On Thursday 27 April 2017 the University of Winchester will host a full day interdisciplinary symposium on medieval studies during Research and Engagement week. This will be the third year that the event has run and showcases broad and varied interests of all lecturers, post-doctoral researchers and PhD students engaged in research on the medieval period.
The event will be held in St Alphege [SAB] 204.
The event is free and open to staff, students and members of the public. We do, however, ask you to register in advance in order to determine numbers for tea and coffee. Those interested in attending should email firstname.lastname@example.org by 20 April 2017.
See below for the programme.
Session 1 – 9.30 to 11.00 – Perspectives on Death and Religion
Christina Welch – Comparing and Contrasting Late-Medieval Carved Cadavers in Ireland with those on mainland Britain
Angela Clark – Portable Altars and Domestic Chapels in the Diocese of Bath & Wells 1300-1500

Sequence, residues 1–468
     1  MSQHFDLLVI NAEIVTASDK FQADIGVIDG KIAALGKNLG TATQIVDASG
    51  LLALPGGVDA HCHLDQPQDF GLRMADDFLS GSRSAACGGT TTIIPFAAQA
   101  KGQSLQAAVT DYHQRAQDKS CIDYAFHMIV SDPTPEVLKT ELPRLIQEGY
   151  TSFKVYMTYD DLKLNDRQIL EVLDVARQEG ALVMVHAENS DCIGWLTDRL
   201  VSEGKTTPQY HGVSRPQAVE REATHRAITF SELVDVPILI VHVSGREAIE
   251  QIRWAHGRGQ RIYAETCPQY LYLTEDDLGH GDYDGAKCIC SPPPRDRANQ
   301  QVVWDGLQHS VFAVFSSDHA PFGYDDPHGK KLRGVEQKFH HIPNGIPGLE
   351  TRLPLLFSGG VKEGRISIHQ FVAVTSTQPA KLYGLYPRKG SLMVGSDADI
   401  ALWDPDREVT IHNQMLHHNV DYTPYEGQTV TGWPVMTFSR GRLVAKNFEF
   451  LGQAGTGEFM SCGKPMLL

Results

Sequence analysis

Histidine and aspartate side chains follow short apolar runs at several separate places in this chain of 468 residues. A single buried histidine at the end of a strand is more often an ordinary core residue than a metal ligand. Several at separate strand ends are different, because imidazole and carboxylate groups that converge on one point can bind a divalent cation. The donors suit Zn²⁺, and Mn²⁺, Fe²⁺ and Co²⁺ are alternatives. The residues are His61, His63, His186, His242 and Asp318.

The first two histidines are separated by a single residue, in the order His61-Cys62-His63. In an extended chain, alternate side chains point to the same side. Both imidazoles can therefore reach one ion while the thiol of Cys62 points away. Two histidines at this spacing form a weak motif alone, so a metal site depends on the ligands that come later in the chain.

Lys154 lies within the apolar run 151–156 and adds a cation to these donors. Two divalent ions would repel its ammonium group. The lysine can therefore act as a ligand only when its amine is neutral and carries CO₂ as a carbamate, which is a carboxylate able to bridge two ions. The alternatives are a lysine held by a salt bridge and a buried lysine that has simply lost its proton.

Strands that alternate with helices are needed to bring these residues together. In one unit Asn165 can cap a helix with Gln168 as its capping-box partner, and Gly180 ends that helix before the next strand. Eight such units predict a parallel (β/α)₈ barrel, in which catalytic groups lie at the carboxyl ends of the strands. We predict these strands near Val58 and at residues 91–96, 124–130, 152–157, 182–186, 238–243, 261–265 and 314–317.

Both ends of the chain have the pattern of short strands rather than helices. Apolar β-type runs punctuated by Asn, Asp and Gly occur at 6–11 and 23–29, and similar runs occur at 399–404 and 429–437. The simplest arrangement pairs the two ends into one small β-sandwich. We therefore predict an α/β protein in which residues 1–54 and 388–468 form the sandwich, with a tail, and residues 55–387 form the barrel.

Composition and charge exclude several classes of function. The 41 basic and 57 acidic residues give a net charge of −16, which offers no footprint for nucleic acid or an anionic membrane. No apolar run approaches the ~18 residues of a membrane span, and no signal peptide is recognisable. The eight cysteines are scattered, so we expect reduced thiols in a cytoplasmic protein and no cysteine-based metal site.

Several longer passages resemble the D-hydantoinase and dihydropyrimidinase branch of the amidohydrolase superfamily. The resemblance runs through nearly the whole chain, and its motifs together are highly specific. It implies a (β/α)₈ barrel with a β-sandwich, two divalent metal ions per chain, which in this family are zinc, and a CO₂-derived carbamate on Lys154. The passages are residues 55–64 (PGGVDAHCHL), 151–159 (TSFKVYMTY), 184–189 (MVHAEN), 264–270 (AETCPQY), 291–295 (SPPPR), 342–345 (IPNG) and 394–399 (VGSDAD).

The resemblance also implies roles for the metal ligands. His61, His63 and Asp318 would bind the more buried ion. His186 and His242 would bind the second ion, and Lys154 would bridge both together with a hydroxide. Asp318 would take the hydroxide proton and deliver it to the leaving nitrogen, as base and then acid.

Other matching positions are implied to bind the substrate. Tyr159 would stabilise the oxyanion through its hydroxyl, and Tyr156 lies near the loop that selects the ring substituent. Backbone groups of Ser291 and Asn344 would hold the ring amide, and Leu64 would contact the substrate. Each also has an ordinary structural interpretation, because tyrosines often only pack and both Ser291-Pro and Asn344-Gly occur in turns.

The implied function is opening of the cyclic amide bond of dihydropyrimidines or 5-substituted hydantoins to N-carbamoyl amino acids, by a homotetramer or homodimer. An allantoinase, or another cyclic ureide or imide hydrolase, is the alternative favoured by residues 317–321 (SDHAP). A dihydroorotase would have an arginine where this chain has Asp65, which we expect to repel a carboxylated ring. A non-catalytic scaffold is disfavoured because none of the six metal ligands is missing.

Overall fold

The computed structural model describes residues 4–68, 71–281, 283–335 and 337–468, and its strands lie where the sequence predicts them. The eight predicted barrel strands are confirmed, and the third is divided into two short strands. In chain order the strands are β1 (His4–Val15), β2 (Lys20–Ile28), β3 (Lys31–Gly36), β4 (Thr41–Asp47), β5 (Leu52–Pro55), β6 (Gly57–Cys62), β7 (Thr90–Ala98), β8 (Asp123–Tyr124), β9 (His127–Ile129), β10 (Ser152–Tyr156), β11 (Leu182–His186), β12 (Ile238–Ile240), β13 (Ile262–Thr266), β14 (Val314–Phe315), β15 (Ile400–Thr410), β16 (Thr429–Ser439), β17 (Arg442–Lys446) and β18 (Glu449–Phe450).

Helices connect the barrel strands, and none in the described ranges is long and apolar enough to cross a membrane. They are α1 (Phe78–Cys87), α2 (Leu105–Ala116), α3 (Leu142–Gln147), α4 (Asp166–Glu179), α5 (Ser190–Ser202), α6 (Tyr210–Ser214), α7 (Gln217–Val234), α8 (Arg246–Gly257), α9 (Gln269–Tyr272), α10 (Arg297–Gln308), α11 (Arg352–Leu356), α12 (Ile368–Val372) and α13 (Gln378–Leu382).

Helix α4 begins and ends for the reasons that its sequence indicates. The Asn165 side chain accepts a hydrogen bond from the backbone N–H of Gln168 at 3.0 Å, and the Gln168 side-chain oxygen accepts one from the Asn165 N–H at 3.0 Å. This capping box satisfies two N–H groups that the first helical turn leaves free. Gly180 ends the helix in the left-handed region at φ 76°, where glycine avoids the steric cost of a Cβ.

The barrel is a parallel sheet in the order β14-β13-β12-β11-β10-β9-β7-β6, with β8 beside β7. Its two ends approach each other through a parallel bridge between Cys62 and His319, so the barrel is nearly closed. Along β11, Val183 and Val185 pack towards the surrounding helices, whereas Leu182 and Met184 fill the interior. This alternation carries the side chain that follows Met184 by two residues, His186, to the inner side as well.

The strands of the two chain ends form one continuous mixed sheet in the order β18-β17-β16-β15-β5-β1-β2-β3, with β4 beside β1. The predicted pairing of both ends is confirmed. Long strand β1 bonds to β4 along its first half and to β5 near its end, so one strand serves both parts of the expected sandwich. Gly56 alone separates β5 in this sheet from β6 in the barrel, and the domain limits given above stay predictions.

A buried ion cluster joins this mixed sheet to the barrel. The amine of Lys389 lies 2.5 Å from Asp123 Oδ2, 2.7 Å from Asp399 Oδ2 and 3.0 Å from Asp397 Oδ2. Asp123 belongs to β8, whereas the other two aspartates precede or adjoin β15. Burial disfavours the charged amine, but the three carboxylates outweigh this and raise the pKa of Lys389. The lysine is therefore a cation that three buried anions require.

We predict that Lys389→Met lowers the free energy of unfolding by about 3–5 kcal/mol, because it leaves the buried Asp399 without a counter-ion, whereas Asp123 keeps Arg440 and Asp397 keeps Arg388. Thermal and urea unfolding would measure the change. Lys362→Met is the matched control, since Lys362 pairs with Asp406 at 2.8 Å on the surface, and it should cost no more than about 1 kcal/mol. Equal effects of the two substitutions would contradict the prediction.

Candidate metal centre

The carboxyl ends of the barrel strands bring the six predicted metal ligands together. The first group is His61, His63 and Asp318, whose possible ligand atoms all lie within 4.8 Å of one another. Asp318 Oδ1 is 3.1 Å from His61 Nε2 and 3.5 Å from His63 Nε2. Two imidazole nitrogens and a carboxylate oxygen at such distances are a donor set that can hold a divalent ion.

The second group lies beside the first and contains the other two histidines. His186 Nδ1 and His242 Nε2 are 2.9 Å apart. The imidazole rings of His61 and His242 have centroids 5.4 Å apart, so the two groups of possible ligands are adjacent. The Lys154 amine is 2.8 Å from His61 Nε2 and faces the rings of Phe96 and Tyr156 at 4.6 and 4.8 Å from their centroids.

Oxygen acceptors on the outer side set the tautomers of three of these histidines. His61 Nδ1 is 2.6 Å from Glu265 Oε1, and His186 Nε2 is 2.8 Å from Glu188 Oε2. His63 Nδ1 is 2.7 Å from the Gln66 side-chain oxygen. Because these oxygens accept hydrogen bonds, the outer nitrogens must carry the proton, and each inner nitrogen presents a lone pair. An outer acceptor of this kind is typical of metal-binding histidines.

Cindy Wood – ‘Henry V’s chantry chapel and the role of Henry VI’
11.00 to 11.20 – Tea/Coffee
Session 2 – 11.20 to 12.50 – Kingship and Queenship in Late Medieval England
Gordon McKelvie – ‘Maintaining the Tudor Affinity’
Samantha Harper – ‘The Chamber Books of Henry VII and Henry VIII’
Ellie Woodacre – ‘A key political pawn or an ever more distant relation? Evaluating Joan of Navarre’s long-term relationship with her natal family’
Lunch – 12.50 to 14.00
[Lunch not provided though there are various outlets nearby and on campus]
Session 3 – 14.00 to 15.30 – Texts and Memory
Eric Lacey – “Supernatural or just natural? Prophetic Animals in Old English and Old Norse literature”
Toni Griffiths – Remembering and Forgetting England’s Medieval Jews: Winchester as a Case Study
Karl Alvestad – Identity and trade: The cult of St Olaf in the Baltic in the 12th and 13th Century
15.30 to 15.50 – Tea/Coffee
Session 4 – 15.50 to 17.20 – War and Society
Matt Bennett – ‘Military masculinity and cross-cultural chivalry during the crusading era in England, France and Outremer, c.1100 – c.1250‘
Tom Wex – ‘And soo becam theves and manquellers’: Contemporary perceptions of violence and criminality among soldiers, 1449-1471 – a new interpretation.
Ryan Lavelle – “Lairs and Ramparts of Earthly Pride: Some (More) Reflections on Aristocratic and Royal Discontent in Early Medieval England and France”